Analyzing and Improving: Scott Pilgrim Vs The World
Having never read the comic I cannot in good faith improve the 'story' of Scott Pilgrim, so this review will focus on the film specifically. The movie version takes its own liberties with the plot to make for a more cinematic experience, but in my opinion even these could have been refined. Scott Pilgrim is by no means a bad film, but in some ways it fell short of the high degrees of potential that its quality earned for itself. Below are my thoughts of how with a few slight considerations that potential might have been fully reached
1: Gorgeous Production
Scott Pilgrim is imaginatively and excitingly directed, edited and in many cases animated. The colors are primary and vibrant making it at all times even in mundane scenes look like a living comic book. Incorporating sound effects in words, captions, and video game related elements really lends a unique flavor to the proceedings and when they work they best they compliment a character's internal conflicts in an external visual way. There's also a lot of love poured into little elements (such as Scott spelling out 'Sux ∞' when talking about his life, the fictional movie posters, traffic signs and character's appearances directly reflecting their moods and thoughts) which make repeated viewing more enticing and fill each passing moment with not only the story but dramatic representations of emotions the taciturn cast rarely show if they can help it. The backdrop is a character itself and speaks for the other characters in turn, and the numerous fight sequences are more interesting with the weapons of characters being further projections of their psyches. All in all arresting from start to finish and brilliantly realized.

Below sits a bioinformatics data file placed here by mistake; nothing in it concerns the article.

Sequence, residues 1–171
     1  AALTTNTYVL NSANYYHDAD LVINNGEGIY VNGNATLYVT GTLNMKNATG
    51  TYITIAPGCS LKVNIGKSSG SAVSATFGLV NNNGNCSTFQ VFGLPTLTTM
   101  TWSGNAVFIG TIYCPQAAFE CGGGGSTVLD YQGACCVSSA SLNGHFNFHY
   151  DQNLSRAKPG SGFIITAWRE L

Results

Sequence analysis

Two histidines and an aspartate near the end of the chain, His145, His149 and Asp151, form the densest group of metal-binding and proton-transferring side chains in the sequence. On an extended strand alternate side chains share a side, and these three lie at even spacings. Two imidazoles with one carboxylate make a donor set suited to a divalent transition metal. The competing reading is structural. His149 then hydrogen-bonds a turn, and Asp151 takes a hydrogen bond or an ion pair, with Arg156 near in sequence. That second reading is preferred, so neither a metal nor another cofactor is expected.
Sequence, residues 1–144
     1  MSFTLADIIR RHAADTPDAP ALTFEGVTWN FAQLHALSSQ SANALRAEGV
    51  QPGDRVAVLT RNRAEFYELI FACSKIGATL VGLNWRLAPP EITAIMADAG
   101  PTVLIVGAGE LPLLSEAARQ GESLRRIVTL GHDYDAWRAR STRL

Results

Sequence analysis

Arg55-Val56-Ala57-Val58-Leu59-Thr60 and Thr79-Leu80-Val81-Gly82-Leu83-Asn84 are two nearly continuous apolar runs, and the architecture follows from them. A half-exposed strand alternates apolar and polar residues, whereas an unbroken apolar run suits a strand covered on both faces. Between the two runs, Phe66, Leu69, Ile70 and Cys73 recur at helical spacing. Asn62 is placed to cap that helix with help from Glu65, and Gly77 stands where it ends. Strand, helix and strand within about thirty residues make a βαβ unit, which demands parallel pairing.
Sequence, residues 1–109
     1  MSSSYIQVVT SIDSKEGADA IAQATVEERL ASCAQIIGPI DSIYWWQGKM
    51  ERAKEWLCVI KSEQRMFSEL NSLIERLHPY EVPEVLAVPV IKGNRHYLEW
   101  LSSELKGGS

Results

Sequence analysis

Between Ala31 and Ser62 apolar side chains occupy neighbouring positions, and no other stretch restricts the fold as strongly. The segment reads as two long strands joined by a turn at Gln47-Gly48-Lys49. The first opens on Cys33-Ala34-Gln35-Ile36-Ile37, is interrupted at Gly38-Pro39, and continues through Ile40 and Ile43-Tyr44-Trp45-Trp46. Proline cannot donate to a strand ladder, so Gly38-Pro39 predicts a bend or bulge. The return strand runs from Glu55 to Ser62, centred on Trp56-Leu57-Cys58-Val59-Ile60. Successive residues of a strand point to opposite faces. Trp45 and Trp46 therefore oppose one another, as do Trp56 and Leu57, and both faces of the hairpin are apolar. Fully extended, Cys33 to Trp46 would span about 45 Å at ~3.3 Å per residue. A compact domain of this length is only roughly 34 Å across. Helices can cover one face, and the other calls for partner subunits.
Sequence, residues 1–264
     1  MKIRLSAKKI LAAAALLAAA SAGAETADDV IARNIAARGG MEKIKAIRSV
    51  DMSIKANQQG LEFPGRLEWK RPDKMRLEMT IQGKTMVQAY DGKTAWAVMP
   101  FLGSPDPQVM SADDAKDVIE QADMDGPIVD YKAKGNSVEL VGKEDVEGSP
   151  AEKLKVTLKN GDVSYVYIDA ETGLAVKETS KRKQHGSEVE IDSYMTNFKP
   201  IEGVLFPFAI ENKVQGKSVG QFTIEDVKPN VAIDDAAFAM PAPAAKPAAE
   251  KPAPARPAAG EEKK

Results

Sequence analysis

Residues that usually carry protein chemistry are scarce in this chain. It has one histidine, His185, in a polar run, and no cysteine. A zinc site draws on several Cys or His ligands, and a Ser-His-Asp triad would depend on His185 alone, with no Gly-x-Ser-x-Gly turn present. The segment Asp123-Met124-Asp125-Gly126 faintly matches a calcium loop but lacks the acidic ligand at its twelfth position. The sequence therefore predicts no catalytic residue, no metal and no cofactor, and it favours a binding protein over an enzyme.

2: Fine Acting
There's not always a lot of nuance to the exaggerated characters of the movie, but what there is usually stems from the subtle but impressive performances of every character. Even characters with one gimmick or who don't speak generally leave some kind of idea as to who they are through body language or just little expressions. Scott himself is an odd lead because he is selfish, uncertain, lazy, foolish, and dorky but Michael Sera brings a command to his personality that makes him stand out and support the scenes he inhabits (even when the character himself is inert). The villains are having so much fun in their roles that its hard to see them go and even the silliest of dialogue is delivered straight faced by all which makes it all the more spontaneous and hilarious.
3: Generally An Intriguing Premise
Injecting video games, classic martial arts clichés and comic books into something as innocuous as a standard 'Boy meets girl' tale is inventive and rife with promise. To use the metaphor of fighting exes as the need to deal with a new girlfriend's old baggage is intriguing and when its serving the story it both allows suspension of disbelief for the more wacky aspects of Scott Pilgrim and at the same time makes what could have been dull moments of a bad relationship into a literal fight for survival and happiness.